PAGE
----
girlmad writes: The government's one-year £5.5m Windows XP support deal with Microsoft has not been extended, sources have told V3, despite thousands of computers across Whitehall still running the ancient software, leaving them wide open to cyber attacks. It's still unclear when all government machines will be migrated to a newer OS.

Submission + - Why the FCC will probably ignore the public on network neutrality ( 1

walterbyrd writes: The rulemaking process does not function like a popular democracy. In other words, you can't expect that the comment you submit opposing a particular regulation will function like a vote. Rulemaking is more akin to a court proceeding. Changes require systematic, reliable evidence, not emotional expressions . . .

In the wake of more than 3 million comments in the present open Internet proceeding-which at first blush appear overwhelmingly in favor of network neutrality-the current Commission is poised to make history in two ways: its decision on net neutrality, and its acknowledgment of public perspectives. It can continue to shrink the comments of ordinary Americans to a summary count and thank-you for their participation. Or, it can opt for a different path.

Submission + - Court rules Nokia must pay damages to buyers of faulty phones in Mexico (

An anonymous reader writes: Nokia must pay damages to consumers in Mexico who reported malfunctioning handsets, following a court ruling for a trial that has lasted four years.
The case was brought to court by Mexican watchdog Profeco in 2010, before the Finnish manufacturer was acquired by Microsoft – that deal was only completed earlier this year. Profeco added that the court has ordered Nokia to either replace the faulty handsets and/or reimburse their cost. On top of that, Nokia must also pay compensation totalling at least 20 percent of the damages resulting from malfunctioning.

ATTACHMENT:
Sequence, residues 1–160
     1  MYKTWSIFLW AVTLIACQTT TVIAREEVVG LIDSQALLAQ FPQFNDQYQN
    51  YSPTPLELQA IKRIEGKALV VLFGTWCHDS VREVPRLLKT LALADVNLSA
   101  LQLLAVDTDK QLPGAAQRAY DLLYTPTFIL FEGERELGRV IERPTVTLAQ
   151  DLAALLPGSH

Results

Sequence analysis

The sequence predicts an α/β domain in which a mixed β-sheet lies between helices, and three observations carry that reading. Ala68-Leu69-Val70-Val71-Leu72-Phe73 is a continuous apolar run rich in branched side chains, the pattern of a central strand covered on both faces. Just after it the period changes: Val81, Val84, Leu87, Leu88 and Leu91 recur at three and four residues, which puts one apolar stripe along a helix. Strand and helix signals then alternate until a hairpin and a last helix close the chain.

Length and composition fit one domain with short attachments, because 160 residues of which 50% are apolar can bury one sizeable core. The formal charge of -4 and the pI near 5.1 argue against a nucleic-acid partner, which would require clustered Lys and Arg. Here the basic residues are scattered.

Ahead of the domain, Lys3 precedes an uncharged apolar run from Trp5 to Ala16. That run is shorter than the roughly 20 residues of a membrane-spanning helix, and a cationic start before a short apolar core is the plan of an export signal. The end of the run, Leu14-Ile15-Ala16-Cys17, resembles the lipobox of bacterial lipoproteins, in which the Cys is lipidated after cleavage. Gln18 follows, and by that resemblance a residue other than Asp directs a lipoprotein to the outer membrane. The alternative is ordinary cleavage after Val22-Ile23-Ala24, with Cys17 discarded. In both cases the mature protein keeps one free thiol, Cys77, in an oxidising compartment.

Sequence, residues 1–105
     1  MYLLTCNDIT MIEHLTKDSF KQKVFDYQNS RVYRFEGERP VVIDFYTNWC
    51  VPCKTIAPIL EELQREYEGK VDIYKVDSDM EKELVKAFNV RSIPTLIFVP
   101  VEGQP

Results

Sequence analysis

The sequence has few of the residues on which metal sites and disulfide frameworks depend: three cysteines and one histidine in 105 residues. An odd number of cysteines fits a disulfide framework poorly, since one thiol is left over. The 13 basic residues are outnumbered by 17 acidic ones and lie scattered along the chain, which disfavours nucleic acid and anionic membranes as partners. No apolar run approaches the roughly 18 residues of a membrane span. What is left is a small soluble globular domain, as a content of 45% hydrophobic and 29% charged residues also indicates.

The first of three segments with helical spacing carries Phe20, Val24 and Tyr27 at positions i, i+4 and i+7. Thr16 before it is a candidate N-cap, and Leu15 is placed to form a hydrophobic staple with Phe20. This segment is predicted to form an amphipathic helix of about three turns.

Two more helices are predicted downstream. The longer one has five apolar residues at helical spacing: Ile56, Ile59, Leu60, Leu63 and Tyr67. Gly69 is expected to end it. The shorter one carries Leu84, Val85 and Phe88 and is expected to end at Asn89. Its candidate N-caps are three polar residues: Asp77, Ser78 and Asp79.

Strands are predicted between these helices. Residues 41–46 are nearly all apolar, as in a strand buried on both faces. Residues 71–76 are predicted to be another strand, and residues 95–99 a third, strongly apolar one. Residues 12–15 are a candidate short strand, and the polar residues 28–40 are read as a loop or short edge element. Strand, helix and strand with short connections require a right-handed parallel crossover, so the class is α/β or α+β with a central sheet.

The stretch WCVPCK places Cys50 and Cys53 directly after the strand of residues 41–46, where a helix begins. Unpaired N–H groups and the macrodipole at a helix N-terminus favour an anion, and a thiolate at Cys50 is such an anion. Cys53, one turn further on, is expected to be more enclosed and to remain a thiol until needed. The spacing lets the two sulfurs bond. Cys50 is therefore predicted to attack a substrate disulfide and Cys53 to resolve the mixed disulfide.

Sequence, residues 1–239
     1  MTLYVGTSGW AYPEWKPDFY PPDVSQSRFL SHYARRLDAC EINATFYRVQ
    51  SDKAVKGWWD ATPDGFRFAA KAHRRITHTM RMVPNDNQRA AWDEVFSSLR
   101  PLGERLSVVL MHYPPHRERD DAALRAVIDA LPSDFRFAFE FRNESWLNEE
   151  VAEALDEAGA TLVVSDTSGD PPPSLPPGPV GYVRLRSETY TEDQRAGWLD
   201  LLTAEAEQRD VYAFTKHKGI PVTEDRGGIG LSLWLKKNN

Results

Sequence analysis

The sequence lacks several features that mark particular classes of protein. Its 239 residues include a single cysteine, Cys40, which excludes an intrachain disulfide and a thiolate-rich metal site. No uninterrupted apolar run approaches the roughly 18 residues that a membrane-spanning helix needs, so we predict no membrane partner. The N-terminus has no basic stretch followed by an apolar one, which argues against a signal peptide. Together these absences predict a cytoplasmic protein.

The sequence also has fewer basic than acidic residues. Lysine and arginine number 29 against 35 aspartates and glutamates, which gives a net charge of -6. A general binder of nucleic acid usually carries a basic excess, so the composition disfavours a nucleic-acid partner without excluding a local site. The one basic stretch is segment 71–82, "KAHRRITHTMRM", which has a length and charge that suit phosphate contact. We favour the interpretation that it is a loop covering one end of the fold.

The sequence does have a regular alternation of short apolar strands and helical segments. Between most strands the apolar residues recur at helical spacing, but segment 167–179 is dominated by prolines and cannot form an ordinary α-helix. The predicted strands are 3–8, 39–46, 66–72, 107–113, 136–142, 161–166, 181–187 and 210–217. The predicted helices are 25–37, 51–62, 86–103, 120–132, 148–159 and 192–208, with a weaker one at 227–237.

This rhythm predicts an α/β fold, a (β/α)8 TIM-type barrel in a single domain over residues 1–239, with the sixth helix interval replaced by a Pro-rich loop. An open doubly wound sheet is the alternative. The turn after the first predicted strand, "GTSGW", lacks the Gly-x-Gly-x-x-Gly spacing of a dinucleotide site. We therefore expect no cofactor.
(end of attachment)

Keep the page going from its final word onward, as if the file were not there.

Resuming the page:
Customers that had been affected by faulty Nokia equipment would be able to seek damages even if they had not yet presented complaints.

Submission + - Apple needs to get it together (

An anonymous reader writes: A Daily Dot article calling out Apple for its numerous mistakes over the last few months.

A quote from the piece: "The world's largest company cannot simultaneously be one of the most mistake-prone. It isn't good for Apple, or for the technology industry. For Apple to continue this streak of clumsiness is simply unacceptable by its internal standards, and by the standards the public has placed on the company."

Submission + - Stop starting school days so early, doctors say (

An anonymous reader writes: U.S. high schools and middle schools should start classes later in the morning to allow kids some much-needed sleep, a leading group of pediatricians is urging.

Ideally, the American Academy of Pediatrics says, the first bell should ring at 8:30 a.m. or later — which is the case at only 15 percent of U.S. high schools right now.

At the very least, classes should start no earlier than 8 a.m., said Dr. Judith Owens, the lead author of a new academy policy statement on school start times.

The recommendations, published in the academy's journal Pediatrics, are based on research showing that U.S. kids are sleep-deprived, which has consequences for their health, school performance and safety.